The age of access

If you have been reading the blog for awhile, you have probably heard me mention Anthony Melchiorri (@AnthonyHotels) of Hotel Impossible. He does a great job of helping hotel managers and owners turn their business around.

And I’ve talked to him. :o)

Well, I’ve tweeted to him and he’s replied. I may be showing my age here, but I thought it was cool to interact with someone who is on TV.  Growing up in the 70’s and 80’s, not only was this not the norm, it was downright rare.

But now, access to anyone at anytime is right there for the taking. Social media has created a connection between celebrities, companies and anyone with a Facebook or Twitter account. From a marketing standpoint, this helps create loyalty and relationships that traditional marketing can’t touch. It creates a transparency that many consumers crave so they can really feel good about doing business with a particular company.

From a leadership standpoint, this transparency can also help build loyalty and trust among your staff.  But there could also be a downside.

One of the mantras I heard as a young leader was to not go out after work (especially to parties) with your employees. It is possible to learn things you don’t want to know, and too much “transparency” in this case can really blur the line between friend and leader, which could undermine your authority.

Today, being connected to your employees via social media can provide the same access. Is this what you want? Are your employees expecting it?

Do you think your employees are expecting the same access to you that they have with other brands and companies? If so, how and where do you draw the line to maintain the integrity of the leader/employee relationship?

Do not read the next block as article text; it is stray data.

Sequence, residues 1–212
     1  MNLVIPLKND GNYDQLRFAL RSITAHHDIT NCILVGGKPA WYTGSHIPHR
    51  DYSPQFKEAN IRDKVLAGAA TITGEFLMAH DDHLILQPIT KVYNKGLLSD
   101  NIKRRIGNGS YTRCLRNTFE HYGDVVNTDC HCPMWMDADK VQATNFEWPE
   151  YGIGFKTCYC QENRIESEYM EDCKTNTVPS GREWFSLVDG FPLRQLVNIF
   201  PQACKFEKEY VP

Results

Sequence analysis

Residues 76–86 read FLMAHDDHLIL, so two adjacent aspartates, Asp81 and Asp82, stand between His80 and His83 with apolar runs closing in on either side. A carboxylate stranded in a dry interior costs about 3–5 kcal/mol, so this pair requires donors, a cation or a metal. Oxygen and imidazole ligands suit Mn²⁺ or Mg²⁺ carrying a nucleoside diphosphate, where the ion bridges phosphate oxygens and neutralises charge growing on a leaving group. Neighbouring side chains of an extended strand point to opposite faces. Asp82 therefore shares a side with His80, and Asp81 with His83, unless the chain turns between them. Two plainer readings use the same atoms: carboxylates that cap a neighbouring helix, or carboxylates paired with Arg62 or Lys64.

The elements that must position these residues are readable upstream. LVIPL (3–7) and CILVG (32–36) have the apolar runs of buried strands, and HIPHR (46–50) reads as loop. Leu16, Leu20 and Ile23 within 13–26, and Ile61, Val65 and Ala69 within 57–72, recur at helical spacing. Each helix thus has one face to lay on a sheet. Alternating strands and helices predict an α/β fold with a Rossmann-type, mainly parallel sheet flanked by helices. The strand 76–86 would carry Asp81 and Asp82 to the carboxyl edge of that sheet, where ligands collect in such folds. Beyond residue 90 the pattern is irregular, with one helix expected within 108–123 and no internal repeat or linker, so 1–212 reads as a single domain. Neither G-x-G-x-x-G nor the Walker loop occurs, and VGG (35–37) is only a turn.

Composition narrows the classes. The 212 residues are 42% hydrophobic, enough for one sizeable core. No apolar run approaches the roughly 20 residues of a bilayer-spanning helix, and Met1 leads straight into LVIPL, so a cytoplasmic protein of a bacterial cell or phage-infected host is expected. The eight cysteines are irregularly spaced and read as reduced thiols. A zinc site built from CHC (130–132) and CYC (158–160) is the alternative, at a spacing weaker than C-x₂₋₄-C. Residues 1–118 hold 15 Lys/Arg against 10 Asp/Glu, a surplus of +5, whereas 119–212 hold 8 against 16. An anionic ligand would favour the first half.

I don’t know that there is one clear-cut answer to this.  I would love to hear your thoughts on how you are handling it.

Thanks for reading!

Matt

Now is the time to start thinking about midseason burnout – don’t let this phenomenon plague your staff this season.  Book Matt to bring his Myth of Midseason Burnout program to your facility this spring! (The program has already gotten high praise from audiences at WWA, IAAPA, and AIMS!)

All the kids are doing it…

So I finally joined Facebook, but not because “all the kids are doing it”.  I joined for a legitimate business purpose (almost said that with a straight face).  But seriously, I am embarking on a long distance training experiment, and Facebook will be a major player in our communication.

For the longest time, I have actually been staying away from Facebook, almost in the name of rebellion.  Because everyone was doing it and wanting me to do it, I was choosing not to.  I spend enough time in front of a computer, and I saw this as one more excuse to spend even more – and I wasn’t having it!

Now that I am on it, I do see some benefits.  Okay, so its cool to see what people are up to and I have been able to catch up with some old friends.  I’ve also noticed some people have too much time on their hands – but that’s another story.

The story I wanted to spin today was about peer pressure, which I think gets a bad rap.  How many of us can hear our bridgeparents saying, “If little Johnny was going to jump off a bridge, would you do that, too?”  Typically the pressure to be cool or to fit in causes people to do things they normally wouldn’t do, sometimes against their better judgment.  But what if its a good thing the team is doing?  Doesn’t peer pressure work both ways?

Imagine you have a team of 15 people.  Out of those 15 people, you have 12 that are hard workers, they smile, have fun and treat your guests (and fellow team members) with respect.  Unfortunately, many times our efforts and energies are spent giving negative attention to the 3 peeps who aren’t pulling their weight.

What if that were reversed?  What if we spent more time praising, coaching, and applauding the 12 who are doing well?  Remember that most of what we do as humans is about getting (or deflecting) attention.  Its a self-esteem thing.  And, when people don’t get enough positive attention, what do they do?  You guessed it… create some drama or a situation to get negative attention.  At least its attention.

So… when the positive attention is the norm, and people naturally want to fit in, they will do what it takes to get positive attention.  It’s like the school bully… he’s trying to get you to react so he can retaliate and prove his toughness.  Take away his negative attention, you take away his motivation for acting like a dufus.

Thanks for reading!

Matt

PS – The first person who can correctly identify the bridge in the picture above gets 1000 bonus points.  (Points toward what, I’m not sure.)